It’s with more than a tinge of sadness that we bid farewell to University of Washington (UW) Provost Phyllis Wise. It was announced on Wednesday, Aug. 3, that Wise is leaving the UW for a top position at the University of Illinois at Urbana-Champaign (UIUC).
It’s a prestigious job, to be sure. UIUC is widely considered a “public ivy,” and it is a member of the Big Ten Conference (athletics).
During this past year, Wise was featured in our paper because she was appointed interim president of the UW after former president Mark Emmert departed for a job at the National Collegiate Athletic Association (NCAA).
Wise was the first official female and first Asian American president of the UW.
Her term as interim president nine months and ended recently on June 30. Long before it was up, many were already speculating whether she would be offered a permanent position.
Though not formally applying, she was actually considered as a candidate by the UW Board of Regents. An insider told us she was one of the top three finalists.
Publicly throughout everything, Wise maintained that she was concentrating on doing her best for the university and its students as interim president.
Though a controversial figure at times, which is expected given her position, we have always found her a refreshingly frank leader who listens.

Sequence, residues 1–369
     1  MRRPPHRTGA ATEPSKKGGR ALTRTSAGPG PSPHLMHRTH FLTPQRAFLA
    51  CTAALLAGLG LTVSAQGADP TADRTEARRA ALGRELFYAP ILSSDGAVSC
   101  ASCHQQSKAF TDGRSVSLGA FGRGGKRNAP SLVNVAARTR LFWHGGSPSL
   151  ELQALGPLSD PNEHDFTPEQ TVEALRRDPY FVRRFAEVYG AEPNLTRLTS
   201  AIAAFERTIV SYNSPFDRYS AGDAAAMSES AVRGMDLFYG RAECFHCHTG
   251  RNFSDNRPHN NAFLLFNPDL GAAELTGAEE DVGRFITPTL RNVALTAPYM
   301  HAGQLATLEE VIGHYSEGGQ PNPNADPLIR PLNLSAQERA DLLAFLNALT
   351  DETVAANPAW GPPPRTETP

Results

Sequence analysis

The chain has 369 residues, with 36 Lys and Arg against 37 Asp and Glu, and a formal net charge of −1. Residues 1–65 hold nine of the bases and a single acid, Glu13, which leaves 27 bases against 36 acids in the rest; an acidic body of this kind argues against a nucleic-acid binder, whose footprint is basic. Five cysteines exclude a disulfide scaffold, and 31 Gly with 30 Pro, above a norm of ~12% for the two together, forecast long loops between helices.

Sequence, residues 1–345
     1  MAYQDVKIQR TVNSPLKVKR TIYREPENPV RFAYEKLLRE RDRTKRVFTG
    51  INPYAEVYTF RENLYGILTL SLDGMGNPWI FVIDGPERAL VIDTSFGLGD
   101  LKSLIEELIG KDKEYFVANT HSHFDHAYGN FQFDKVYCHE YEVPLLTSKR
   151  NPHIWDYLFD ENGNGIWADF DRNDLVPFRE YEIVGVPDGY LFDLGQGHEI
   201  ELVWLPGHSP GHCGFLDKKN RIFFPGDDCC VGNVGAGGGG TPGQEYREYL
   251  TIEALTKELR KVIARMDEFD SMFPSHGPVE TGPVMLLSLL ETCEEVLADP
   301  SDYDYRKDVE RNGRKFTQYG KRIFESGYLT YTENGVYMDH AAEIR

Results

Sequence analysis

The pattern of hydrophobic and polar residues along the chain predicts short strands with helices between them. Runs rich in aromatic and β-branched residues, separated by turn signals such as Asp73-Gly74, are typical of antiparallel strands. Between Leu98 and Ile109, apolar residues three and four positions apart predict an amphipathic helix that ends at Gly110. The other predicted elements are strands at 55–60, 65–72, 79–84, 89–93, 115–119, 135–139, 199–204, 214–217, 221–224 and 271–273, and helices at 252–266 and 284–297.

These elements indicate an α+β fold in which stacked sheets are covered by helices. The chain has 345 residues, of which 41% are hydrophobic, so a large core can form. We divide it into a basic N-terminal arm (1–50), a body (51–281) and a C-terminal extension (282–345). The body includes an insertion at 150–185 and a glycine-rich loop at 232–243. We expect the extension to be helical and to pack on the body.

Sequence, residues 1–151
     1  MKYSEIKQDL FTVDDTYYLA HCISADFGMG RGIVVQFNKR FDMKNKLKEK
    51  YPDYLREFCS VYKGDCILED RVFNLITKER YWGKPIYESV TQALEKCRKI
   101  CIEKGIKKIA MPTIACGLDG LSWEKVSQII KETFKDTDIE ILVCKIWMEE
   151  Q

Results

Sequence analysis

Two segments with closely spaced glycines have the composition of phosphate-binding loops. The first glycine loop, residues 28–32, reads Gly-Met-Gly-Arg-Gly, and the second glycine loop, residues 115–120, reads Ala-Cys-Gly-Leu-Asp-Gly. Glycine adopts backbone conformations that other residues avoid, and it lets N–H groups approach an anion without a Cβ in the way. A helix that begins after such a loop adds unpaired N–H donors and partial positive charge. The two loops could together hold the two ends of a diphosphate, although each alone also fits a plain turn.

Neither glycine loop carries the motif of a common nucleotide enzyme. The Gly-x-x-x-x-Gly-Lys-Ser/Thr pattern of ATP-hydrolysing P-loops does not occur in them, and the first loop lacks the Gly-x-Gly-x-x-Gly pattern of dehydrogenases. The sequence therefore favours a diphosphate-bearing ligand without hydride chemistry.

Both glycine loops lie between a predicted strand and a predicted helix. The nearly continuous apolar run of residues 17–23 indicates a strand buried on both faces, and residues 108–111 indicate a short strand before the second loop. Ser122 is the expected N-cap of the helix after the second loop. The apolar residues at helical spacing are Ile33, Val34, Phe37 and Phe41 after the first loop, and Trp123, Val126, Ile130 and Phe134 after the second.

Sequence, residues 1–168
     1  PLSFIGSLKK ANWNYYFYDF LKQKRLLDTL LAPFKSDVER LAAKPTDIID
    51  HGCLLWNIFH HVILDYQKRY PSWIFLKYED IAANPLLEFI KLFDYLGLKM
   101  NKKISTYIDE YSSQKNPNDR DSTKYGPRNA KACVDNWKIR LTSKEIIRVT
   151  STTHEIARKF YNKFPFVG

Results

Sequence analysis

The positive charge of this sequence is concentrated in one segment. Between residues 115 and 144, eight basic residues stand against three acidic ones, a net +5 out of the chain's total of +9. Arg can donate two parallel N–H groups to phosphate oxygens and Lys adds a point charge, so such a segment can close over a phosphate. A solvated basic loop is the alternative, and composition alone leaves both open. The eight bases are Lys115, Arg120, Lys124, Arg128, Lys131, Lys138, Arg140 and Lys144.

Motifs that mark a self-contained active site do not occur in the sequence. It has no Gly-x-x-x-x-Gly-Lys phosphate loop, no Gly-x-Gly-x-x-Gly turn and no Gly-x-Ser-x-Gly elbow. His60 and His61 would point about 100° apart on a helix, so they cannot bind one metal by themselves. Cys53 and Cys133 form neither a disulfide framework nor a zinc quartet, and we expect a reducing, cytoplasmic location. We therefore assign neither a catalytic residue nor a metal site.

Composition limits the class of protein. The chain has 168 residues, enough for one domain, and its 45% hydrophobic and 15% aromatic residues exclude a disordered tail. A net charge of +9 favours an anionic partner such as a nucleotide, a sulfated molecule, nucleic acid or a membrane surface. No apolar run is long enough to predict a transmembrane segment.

Though we’d like to thank Wise for being an incredible leader during her six-year tenure at the UW, we also believe that it’s time for her to move on.
The UW’s loss is UIUC’s gain, and we wish her the best in her endeavor.
Wise was born to Chinese parents who immigrated to the United States before World War II for the sake of their education. Her father already had a medical degree from Beijing Union Medical College when he earned his doctorate from Northwestern University. Her mother already had a nursing degree from Yenching University before she earned a degree in nursing education from Columbia Teacher’s College.
Wise’s success shows the importance of education and the importance of having predecessors to help lead the way. Hopefully, in her new position at UIUC, Wise will continue her parents’ legacy and will always serve as an inspiration to Asian Americans and women who aim to break into prestigious roles that have been traditionally held by men. ♦